Mobile grabbed hold of the holiday shopping season in 2014, and there is no reason to believe that trend won’t continue this year.
Helen Crossley (left in the photo), head of consumer insights research for Facebook IQ, spoke with the social network’s direct-response product marketing director, Kelly Graziadei (right), in search of answers to the three most common questions about successful mobile commerce:
- How can I increase mobile basket sizes?
- Should I invest in an m-site or an application?
- What should I expect in the future in terms of m-commerce?
The entire conversation can be found here, and highlights from Crossley’s answers follow:
We found that mobile basket sizes, on average and in aggregate, are worth 60 cents to the dollar versus a desktop transaction, whereas a tablet transaction, on average, is worth $1 (the same) versus a desktop transaction.
Several different factors account for the lower basket size on mobile phones. For instance, there’s a good number of people who buy on mobile phones who don’t have daily access to tablets and desktops, so they’re likely to have less disposable income and are probably spending less. There are also a good number of quick, low-consideration transactions that are happening on mobile phones that would be lower in basket size no matter where people purchase.
Given that the basket sizes of people who buy on both smartphones and desktop computers from the same stores are on par when controlled for the categories they are purchasing from, we know it’s not about the size of the screen. People who own both a smartphone and a desktop are less likely to be mobile-dependent and more likely to have more disposable income and be tech-savvy.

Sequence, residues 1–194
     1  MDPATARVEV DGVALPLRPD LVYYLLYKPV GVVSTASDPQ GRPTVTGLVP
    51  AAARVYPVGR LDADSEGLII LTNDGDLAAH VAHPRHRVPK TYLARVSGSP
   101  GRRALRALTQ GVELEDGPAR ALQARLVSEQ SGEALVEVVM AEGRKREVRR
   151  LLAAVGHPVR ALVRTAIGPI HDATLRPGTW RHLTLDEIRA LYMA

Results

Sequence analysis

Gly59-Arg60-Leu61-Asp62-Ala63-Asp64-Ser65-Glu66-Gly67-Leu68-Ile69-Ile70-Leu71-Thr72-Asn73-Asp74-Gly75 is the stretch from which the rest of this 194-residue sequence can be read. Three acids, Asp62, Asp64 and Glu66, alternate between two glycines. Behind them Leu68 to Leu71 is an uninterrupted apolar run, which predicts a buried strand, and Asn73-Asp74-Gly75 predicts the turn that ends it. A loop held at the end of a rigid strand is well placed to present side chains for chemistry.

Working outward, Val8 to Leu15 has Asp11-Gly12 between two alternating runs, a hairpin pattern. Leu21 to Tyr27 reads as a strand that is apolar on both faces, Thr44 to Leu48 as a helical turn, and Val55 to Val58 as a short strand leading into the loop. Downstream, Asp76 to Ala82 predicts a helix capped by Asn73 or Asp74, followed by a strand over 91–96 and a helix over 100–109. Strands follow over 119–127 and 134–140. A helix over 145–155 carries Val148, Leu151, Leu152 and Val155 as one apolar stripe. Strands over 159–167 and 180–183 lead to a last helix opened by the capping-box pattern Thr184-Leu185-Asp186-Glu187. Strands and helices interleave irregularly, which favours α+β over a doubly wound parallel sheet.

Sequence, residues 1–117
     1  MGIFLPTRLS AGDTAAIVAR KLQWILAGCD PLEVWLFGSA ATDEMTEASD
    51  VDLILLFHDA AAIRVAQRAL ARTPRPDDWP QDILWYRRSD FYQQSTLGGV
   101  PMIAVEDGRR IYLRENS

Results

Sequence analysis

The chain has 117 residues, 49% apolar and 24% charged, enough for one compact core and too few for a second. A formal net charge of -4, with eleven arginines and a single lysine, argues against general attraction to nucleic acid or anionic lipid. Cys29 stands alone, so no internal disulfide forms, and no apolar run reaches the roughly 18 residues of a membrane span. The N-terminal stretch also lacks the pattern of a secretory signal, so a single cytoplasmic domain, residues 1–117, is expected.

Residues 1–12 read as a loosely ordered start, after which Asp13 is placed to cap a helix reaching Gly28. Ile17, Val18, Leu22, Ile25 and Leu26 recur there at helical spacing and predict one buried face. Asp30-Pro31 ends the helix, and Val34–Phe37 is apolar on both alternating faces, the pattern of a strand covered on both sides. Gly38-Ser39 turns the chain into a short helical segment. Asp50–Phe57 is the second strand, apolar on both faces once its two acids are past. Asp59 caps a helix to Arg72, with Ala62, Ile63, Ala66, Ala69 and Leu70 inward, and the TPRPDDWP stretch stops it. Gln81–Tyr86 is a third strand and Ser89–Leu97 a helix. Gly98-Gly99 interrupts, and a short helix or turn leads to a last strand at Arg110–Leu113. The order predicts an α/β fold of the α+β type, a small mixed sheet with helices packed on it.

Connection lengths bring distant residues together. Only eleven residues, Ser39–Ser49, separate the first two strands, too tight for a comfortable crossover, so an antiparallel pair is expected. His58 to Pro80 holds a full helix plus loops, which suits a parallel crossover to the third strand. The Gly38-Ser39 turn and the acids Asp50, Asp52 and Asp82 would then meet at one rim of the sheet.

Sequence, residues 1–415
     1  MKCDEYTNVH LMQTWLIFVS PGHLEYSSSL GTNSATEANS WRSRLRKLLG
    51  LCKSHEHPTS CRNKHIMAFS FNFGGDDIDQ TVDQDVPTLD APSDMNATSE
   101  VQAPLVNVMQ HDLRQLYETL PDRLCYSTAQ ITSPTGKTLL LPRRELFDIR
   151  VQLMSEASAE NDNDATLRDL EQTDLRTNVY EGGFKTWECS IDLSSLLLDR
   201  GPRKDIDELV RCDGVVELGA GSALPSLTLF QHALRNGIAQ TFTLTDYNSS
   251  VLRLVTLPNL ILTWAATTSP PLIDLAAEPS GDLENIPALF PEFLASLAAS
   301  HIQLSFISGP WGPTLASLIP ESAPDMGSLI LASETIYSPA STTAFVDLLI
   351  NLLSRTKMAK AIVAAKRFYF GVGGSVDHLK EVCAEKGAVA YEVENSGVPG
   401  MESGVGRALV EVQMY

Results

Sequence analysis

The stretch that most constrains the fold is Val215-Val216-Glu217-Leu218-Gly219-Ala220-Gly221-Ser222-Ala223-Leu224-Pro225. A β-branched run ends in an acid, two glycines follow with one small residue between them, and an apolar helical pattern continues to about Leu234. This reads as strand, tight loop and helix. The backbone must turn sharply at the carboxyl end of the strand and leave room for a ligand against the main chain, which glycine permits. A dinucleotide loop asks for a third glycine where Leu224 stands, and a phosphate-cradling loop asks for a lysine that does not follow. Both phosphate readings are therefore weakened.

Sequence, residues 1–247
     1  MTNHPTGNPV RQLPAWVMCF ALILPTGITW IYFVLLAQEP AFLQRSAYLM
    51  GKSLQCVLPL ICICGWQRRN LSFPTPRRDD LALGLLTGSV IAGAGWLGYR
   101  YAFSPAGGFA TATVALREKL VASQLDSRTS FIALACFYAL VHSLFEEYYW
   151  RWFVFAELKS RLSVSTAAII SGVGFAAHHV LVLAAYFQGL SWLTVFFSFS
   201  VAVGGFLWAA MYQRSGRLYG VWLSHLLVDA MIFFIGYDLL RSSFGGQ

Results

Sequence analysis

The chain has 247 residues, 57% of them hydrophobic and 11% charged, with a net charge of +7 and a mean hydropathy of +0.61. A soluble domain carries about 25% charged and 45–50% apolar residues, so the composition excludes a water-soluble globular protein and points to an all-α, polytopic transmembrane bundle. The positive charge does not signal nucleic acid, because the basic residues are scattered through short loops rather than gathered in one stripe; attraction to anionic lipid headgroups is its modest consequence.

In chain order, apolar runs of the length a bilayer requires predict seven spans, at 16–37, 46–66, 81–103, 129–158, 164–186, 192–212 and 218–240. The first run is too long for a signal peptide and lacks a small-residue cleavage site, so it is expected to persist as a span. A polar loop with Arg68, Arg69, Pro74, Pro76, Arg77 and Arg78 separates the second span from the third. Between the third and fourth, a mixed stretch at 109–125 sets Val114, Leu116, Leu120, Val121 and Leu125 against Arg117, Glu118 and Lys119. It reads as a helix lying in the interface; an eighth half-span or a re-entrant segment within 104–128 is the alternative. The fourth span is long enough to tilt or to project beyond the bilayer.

If someone is a frequent shopper, they’re more likely to be an in-app shopper. If someone is coming to a retailer for the first time or only buy once in a while, they’re more likely to be an m-site shopper.
What that means is that, while m-sites tend to attract larger purchases, those purchases are less frequent. And while apps attract smaller purchases, those purchases are more frequent—and possibly just as lucrative, if not more lucrative, over the long term.
Millennials, who make up the “Thumb Generation” that grew up swiping their thumbs across screens, are going to continue to drive this growth. The Thumb Generation is more likely to conduct commerce-related activities on their mobile devices than the older generations who came of age exerting control through a mouse or a remote. For instance, 83 percent of millennials research products on their smartphone compared to 66 percent of Gen Xers (the “Mouse Generation”) and 25% of baby boomers (the “Remote Generation”). 69 percent of millennials buy products on their smartphone compared to 53 percent of Gen Xers and 16 percent of boomers.
Readers: What did you think of Crossley’s insights?